© 2018 by Robert Person.  The views expressed on this website are my own and do not represent the official policy of the U.S. Army, Department of Defense, or U.S. Government.

Apr 16

Criticism Mounts of Trump Pick for U.S. Federal Reserve



A political confrontation between President Trump and the Senate continues to simmer over the President's nominations for two vacant seats on the Federal Reserve Board. President Trump nominated Stephen Moorea and Herman Cain; the former, a conservative economic commentator, the latter, a former CEO who ran for the Republican presidential nomination in 2012. Senators and political commentators alike have criticized President Trump's picks as openly partisan, especially for a position that historically has been nonpartisan. While it is unlikely that Cain will be appointed by the Senate, there is still a chance for Moore's nomination to pass through. In 2015, Moore has called for both the U.S. Dollar to return to the gold standard; recently, he has rescinded that opinion and instead publicly claims he wants to lower interest rates to weaken the value of the dollar.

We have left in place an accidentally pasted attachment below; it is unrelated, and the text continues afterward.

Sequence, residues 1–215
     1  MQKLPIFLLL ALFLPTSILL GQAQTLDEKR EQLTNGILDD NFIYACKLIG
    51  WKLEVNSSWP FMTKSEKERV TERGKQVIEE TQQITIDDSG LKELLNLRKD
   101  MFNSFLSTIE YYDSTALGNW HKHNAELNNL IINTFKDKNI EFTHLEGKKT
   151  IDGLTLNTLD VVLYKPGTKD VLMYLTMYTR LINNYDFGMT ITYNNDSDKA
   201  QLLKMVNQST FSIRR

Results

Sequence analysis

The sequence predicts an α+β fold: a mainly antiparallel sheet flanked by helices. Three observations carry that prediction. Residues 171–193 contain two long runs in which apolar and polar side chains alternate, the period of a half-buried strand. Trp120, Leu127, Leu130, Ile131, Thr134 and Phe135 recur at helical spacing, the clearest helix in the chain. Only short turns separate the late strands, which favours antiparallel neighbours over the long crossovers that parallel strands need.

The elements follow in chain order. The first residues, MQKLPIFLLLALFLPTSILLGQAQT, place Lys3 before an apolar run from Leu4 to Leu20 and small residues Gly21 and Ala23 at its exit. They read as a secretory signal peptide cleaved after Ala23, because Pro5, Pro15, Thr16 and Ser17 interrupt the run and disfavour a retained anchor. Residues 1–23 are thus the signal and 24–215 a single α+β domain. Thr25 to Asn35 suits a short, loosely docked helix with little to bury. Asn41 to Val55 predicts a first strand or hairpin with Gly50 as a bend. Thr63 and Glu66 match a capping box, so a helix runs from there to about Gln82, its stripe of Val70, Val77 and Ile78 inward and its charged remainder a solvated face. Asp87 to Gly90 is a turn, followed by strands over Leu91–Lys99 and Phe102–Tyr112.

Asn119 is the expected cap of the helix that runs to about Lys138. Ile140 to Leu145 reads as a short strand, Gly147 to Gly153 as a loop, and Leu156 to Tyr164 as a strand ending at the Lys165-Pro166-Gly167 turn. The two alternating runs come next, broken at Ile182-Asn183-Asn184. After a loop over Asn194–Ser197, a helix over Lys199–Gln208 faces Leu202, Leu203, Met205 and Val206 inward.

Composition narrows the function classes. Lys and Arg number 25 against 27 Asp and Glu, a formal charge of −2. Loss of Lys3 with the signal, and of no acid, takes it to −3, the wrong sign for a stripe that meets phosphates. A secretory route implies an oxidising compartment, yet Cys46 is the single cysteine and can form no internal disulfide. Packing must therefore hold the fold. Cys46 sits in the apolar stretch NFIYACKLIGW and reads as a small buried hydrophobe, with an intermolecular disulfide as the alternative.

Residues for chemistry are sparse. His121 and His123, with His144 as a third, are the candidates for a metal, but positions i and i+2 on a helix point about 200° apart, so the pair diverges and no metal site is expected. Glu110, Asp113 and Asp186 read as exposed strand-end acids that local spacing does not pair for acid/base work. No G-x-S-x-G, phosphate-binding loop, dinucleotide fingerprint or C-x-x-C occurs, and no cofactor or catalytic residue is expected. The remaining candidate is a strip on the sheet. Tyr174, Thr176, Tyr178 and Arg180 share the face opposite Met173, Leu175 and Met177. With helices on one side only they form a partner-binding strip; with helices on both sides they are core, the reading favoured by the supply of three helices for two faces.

Should the Senate appoint Mr. Moore (and his policy proposals were enacted), there would likely be two effects, one short-term and one long-term. In the short term, it is possible that Mr. Trump and/or the Republican Party will be able to score a victory for their political base of lower-middle class workers in the Heartland of America. With a weak dollar (and a floating exchange rate), import-competing industries (like steel, chemicals, and manufacturing) will benefit greatly, as foreign goods will be more expensive, allowing the domestic industries to sell more comparatively and increase its revenues. As most of President Trump's base is tied to domestic industries, by weakening the dollar President Trump is able to invigorate his political base just before the 2020 election cycle. However, the long-term effects are less positive. By breaking the precedent of an apolitical Fed, President Trump may open the door for future administrations to nominate more political appointees. In doing so, it would likely be difficult for the Fed to maintain a consistent monetary policy, as each political appointee would try and use their influence to strengthen or weaken the dollar as their political party sees fit, often for electoral purposes. The constant political adjustments to the dollar and the bond rate would likely decrease investor confidence in the United States, as it increases volatility in a currency that is the world's reserve currency because of its notable stability.